Male soprano Samuel Mariño is signed to Decca Classics

The Venezuelan singer's new album with the label will be the first to feature a male soprano singing certain arias more commonly sung by female voices

Published: March 25, 2022 at 12:37 pm

The Venezuelan male soprano Samuel Mariño has been signed to Decca Classics, which will launch his new album Sopranista (a term for male soprano) on 27 May.

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The album, on which Mariño performs opera music from the 18th century with La Cetra Barockorchester Basel under Andrea Marcon, will be the first ever to feature a male soprano singing arias that have been more commonly performed by female voices in the years since castration was banned. Among them is the Trouser role aria ‘Voi, che sapete’ as well as castrato arias from operas by Mozart and Gluck, and works by Joseph Bologne and Domenico Cimarosa, the latter two heard here in world premiere recordings.

Despite being bullied as a teen for his high speaking voice, Mariño decided to forego surgery to lower his larynx and deepen his voice, going on to pursue a career in singing. He studied at the Conservatoire de Paris and was mentored by Barbara Bonney in Salzburg. It was Bonney who encouraged Mariño to focus on the Mozart soprano arias that are threaded throughout Sopranista. ‘She said you can sing all the Mozart castrato roles that countertenors cannot sing’, says Mariño. ‘She taught me them all. Idamante from Idomeneo, Aminta from Il re pastore, Sesto from La Clemenza di Tito, Cecilio in Lucio Silla, even Cherubino in The Marriage of Figaro, which even though it’s not a castrato role she said I had the perfect voice for.’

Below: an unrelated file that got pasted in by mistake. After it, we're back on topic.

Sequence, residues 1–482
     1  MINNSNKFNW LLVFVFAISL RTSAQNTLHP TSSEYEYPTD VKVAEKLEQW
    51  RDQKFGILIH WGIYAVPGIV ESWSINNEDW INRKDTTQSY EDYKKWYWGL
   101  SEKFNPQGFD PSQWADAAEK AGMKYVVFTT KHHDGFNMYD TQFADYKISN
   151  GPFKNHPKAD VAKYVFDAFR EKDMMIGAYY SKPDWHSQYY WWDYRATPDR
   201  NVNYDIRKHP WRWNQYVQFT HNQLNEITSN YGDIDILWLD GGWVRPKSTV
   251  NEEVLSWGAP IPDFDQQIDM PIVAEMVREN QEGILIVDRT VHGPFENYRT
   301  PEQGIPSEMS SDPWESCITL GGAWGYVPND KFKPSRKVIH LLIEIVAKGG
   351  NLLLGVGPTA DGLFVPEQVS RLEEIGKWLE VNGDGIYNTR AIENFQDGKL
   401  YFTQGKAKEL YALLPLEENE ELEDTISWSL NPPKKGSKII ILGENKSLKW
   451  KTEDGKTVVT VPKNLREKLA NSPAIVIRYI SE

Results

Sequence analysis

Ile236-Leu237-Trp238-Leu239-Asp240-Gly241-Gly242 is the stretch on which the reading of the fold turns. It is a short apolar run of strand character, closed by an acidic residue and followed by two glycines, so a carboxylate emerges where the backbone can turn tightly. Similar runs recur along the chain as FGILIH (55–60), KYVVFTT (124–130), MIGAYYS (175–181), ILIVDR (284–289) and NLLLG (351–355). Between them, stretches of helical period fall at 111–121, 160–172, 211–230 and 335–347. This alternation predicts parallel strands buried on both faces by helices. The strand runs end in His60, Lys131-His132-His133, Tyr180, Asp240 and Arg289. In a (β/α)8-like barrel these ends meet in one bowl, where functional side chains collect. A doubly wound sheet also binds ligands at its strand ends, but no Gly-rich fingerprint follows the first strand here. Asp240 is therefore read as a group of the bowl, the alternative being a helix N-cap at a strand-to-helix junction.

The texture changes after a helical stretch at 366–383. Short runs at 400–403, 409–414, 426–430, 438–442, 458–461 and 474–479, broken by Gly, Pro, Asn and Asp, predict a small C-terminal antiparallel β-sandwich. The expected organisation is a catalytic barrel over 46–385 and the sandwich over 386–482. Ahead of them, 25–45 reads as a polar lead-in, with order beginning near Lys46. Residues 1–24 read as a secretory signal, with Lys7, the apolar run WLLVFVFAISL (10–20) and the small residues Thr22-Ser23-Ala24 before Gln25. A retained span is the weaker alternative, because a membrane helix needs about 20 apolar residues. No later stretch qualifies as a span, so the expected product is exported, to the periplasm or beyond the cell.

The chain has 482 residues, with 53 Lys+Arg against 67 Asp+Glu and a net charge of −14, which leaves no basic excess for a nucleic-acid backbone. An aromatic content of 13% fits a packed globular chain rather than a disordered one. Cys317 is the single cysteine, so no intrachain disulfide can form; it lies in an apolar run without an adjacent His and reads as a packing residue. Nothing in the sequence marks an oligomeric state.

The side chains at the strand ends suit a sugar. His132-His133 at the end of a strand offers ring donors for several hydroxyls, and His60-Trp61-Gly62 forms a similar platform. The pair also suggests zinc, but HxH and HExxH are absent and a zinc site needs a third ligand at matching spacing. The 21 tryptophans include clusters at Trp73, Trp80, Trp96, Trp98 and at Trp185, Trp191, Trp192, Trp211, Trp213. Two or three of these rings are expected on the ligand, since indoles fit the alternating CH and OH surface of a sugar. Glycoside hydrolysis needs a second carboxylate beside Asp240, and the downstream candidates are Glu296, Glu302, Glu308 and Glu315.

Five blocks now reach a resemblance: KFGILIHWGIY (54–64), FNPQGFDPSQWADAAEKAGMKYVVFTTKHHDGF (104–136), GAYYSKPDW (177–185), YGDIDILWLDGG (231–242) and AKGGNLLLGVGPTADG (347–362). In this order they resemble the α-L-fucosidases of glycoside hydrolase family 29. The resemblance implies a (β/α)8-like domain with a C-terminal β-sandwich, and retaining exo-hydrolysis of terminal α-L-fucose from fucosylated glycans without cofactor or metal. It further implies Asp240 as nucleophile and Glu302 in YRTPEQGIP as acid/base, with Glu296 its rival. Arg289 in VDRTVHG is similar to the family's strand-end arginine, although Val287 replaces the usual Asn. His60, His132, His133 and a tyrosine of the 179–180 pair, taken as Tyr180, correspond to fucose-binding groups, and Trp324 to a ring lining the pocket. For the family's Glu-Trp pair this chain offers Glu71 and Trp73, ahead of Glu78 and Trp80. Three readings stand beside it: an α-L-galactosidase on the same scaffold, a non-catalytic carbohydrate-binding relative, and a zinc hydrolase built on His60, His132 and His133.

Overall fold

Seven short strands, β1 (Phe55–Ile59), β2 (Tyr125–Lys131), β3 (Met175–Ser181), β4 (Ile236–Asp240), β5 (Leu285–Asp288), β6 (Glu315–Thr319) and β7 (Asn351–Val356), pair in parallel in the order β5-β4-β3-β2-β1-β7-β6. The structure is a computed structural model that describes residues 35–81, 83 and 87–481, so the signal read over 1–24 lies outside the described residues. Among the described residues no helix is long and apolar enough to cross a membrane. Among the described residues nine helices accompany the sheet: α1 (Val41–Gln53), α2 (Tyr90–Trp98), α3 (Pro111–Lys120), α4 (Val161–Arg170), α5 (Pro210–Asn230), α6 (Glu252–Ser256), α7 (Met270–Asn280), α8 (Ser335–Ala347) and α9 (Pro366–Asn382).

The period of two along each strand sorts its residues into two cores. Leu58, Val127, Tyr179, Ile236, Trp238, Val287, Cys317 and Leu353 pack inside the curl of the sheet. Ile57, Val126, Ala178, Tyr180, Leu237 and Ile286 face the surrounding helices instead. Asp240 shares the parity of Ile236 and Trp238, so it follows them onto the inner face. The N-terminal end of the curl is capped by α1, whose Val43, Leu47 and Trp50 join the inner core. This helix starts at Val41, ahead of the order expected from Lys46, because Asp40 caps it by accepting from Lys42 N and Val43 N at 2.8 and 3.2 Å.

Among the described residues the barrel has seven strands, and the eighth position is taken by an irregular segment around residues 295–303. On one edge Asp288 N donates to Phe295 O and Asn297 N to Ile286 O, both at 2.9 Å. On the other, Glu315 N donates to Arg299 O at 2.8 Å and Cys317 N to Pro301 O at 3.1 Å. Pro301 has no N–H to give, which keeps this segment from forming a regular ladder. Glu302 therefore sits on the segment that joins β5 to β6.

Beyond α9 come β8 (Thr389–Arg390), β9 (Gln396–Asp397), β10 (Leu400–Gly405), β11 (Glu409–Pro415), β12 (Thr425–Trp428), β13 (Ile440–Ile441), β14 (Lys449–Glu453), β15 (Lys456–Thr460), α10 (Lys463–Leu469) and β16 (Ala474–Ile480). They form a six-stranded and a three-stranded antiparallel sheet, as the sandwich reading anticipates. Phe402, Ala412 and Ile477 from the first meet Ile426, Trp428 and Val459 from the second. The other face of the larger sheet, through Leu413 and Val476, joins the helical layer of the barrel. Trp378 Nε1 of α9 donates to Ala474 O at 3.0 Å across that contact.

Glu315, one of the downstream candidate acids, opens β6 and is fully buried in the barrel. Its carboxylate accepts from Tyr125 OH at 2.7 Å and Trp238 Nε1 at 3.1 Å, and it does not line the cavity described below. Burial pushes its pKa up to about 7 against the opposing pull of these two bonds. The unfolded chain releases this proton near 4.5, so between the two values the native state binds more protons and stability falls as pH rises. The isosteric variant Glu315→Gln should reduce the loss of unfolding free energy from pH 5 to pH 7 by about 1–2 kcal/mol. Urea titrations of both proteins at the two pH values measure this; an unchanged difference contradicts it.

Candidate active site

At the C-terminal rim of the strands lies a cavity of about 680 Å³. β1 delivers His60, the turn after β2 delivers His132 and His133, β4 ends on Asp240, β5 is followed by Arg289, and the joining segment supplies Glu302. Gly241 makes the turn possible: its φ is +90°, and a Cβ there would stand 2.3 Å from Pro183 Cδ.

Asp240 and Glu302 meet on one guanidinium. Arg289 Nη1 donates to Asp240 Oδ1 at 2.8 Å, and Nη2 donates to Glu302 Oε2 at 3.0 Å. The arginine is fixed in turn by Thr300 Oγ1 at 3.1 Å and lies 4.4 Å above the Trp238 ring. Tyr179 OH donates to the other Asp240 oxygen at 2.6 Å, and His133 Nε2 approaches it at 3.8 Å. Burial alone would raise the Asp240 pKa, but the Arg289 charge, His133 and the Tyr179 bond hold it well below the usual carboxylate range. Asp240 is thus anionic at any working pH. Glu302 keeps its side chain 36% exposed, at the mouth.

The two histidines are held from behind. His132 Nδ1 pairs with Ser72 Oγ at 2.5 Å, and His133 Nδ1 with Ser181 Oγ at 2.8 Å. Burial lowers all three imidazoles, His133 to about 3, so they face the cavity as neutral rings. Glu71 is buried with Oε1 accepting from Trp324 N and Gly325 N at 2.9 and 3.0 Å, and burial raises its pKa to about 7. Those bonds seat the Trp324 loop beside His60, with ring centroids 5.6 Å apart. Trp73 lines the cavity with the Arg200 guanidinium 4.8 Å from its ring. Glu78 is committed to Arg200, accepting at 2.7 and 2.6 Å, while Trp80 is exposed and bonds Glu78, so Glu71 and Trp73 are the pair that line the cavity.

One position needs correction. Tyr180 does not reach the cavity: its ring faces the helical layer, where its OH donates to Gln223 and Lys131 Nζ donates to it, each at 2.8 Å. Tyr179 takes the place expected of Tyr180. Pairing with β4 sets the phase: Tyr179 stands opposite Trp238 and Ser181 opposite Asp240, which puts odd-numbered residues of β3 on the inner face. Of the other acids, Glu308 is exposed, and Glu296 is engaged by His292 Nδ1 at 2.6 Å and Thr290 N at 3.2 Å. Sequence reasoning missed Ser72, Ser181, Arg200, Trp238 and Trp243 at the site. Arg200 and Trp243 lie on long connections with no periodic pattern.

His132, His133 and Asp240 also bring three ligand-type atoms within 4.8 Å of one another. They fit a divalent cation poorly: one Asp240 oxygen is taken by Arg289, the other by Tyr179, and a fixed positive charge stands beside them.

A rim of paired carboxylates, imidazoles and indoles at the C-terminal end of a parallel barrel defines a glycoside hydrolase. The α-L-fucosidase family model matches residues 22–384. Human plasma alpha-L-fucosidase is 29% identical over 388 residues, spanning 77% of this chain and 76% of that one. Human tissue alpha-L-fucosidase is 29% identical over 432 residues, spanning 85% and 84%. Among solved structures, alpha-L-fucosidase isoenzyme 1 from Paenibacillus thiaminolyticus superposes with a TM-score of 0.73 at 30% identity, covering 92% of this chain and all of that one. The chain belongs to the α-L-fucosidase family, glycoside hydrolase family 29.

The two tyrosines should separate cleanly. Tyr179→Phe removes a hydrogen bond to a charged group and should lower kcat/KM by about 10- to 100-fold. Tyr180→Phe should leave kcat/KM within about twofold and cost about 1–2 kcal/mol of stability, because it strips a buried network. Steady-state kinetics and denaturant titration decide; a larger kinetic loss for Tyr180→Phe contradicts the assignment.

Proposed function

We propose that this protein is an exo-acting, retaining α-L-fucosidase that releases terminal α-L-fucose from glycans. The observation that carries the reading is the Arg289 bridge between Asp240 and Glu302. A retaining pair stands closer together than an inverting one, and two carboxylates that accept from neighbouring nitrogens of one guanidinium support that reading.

Mariño won the Interpretation Award in the International Singing Competition with Opéra de Marseille and the audience prize in the Neue Stimmen Competition. Shortly after, he made his stage debut at the Handel Festival in Halle and was nominated by the magazine OpernWelt as the ‘Best Revelation Artist.’ In 2019 he founded the period group Ensemble Teseo and continues to champion underperformed music.

He says: ‘If I want to sing a role and I am able to, then I sing it. It’s not because it’s a man or a woman or a castrati. If one day I’m wearing a dress on stage, I want you to love me like that. If another day, I’m in jeans and sneakers, I want you to love me like that as well. I’m not making a piece for a museum – I am making live art.’

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Mariño makes his London debut in a recital at St Martin-in-the-Fields on 22 April.

Authors

Hannah Nepilova is a regular contributor to BBC Music Magazine. She has also written for The Financial Times, The Times, The Strad, Gramophone, Opera Now, Opera, the BBC Proms and the Philharmonia, and runs The Cusp, an online magazine exploring the boundaries between art forms. Born to Czech parents, she has a strong interest in Czech music and culture.

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